|<< Profile 13 >>
|JGA RMC Bogie Stone Hoppers
|1984/1986 Standard Wagon, 1990 RFS Industries (Doncaster), 1997 Tatrastroj Poprad (Slovakia)
|HALL13700-13712, RMC17201-17224, RMC17225-17249, RMC19220-19246
|Bogies / Suspension:
|Sambre et Meuse Y25
|LOB: 14235mm (13700-13712, 17201-17224), 14500mm (17225-17249)
|Areas of operation:
|Various (see text)
|Orange and white, grey, red
The fleet of bogie hoppers used by Ready Mixed Concrete (RMC) wear a distinctive bright orange livery and until 2007 could be seen running in block formations carrying limestone from the quarry at Peak Forest near Buxton. The total of 89 wagons covers four batches built to three main designs over a period of 13 years, and trains often featured several or all of the variants. More recently the wagons have been in general use with EWS in the South East.
The first set was built in 1984 by Standard Wagon of Heywood and numbered HALL13700-13712. As the code suggests, these were initally used by Hall aggregates, a subsidiary of RMC, and transported sea-dredged gravel from Newhaven to Tolworth and Crawley south of London. The design featured gently curved bodysides with sloping ends, the ends themselves being straight-topped in line with the sides. At each end there was a short ladder leading to an inspection platform, and a sloping plate to protect the brake gear. The solebars were plain and continous, mounted on cast Y25 bogies. Livery comprised an orange body with a broad white band along the sides. At least by 1986 the lettering was for RMC (in an orange diamond) Aggregates. Solebars and bogies were black.
The second batch (RMC17201-17224) was built for the RMC traffic from Peak Forest, also by Standard Wagon, in 1986. These differed slightly in that the hopper ends had curved tops, and the livery had the white band at the top of the hopper sides. Terminals served were at Slaford (Manchester), Leeds, Selby, Ely, Bletchley and Washwood Heath (Birmingham) and the trains could be seen on many routes in the midlands.
A revised design was introduced in 1990 (not 1980 as quoted in certain books) when RFS Industries of Doncaster built a batch of 25 wagons numbered RMC17225-17249. Although similar in elevation, the hoppers had straight sides, angled in at top and bottom. The end details were also revised, one end being fitted with a full-width inspection platform, beyond which the hopper inner end was visible. The other end was enclosed by a corrugated metal panel. To accomodate the platform, the protection plate (also made of corrugated metal) was at a shallower angle and curved down to meet the bufferbeam. Livery was as for the second batch with a thin white stripe at the top of the hopper sides.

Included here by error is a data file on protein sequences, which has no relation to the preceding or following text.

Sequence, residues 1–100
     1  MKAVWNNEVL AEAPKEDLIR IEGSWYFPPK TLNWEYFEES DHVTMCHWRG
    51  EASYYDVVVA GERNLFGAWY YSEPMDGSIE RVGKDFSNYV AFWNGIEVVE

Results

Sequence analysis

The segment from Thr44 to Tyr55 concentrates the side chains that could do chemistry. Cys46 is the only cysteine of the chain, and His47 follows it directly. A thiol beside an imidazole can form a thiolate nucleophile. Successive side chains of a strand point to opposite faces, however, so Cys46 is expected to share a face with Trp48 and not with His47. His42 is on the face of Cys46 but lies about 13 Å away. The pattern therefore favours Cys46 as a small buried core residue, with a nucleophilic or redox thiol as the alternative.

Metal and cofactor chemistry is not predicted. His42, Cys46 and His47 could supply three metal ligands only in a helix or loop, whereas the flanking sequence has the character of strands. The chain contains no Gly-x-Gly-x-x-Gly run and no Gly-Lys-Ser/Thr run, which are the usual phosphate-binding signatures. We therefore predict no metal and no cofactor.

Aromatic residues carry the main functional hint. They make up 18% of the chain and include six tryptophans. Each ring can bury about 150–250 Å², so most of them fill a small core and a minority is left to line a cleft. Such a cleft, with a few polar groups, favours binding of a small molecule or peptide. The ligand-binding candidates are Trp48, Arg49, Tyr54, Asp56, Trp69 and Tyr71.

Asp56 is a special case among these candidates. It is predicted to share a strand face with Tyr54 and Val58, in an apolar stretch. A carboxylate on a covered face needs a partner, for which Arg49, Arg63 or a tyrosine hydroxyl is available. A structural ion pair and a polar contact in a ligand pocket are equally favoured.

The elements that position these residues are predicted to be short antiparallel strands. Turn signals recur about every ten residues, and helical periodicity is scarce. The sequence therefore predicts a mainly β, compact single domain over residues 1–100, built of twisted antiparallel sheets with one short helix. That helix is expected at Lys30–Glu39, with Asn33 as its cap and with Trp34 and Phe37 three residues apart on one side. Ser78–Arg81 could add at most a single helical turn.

In 1996 the Newhaven workings ceased and the HALL-prefixed batch were transferred North to join their cousins. The prefixes were eventually changed to RMC but for a while the type could still be recognised by its different livery layout and hopper end design. At about this time the fleet was also bolstered by the hiring of several Tiphook bogie hoppers in their white and blue livery.
A fourth batch was bought in 1997, again to a revised design. Built in Slovakia by Tatrastroj Poprad, these featured straight-sided hoppers with more angled-in tops and bottoms than the RFS batch. The side profile was changed so that the main body ran from the bufferbeams to the end of the hopper, then vertically to the top. This resulted in large sloping hopper ends (with doors to access the brake gear), onto which were mounted inspection ladders and platforms. The solebars were of channel construction and the bogies were of the fabricated Y25 type. This type of wagon was also built for Tilcon and Buxton Lime Industries, and a model has been produced by Bachmann. It would appear that this batch saw off the hired Tiphook wagons, but one other interloper worth mentioning was a prototype aluminium hopper wagon built by Powell Duffryn in 1993. In an unpainted metal finish, and with a curious layout including discharge doors at each end of both bogies, this Low Track Force-bogied wagon saw use from Peak Forest in at least 1996 and 1997
By 1999 the former Hall Aggregates wagons had been modified with curved top ends and the livery changed to match the rest of the fleet.
Major changes for this type occured in 2007. EWS signed a deal with Cemex (by then the operator of the Peak Forest quarries) that saw nearly-new HOA hoppers take over the services. The JGAs were not renumbered or recoded but were transferred to other duties, in particular stone trains from the Mendips. All of the wagons had the RMC diamond logo painted out and a few were treated to a rather basic application of allover light grey.
Starting in early 2015, the JGAs started gaining repaints into DB Schenker red livery.
PDF version of this profile (Right click and select Save Target As to save (260KB))
Photos of RMC JGA wagons on Martyn Read's website
Photos of RMC JGA wagons on Andy Jupe's website
10/05/2015: DB Schenker repaints noted.
15/03/2013: Photo links (finally) updated.
20/12/2007: Page updated with new traffic flows and 4 photographs.
|For more pictures see the Links section at the bottom
Batch 1 - RMC13711 in EWS use at Acton Main Line, 20th December 2007.
Batch 2 - RMC17215 at Acton Main Line, 20th December 2007.
Batch 3 - RMC17249 at Acton Main Line, 20th December 2007.
Batch 4 - RMC19238 at Acton Main Line, 20th December 2007.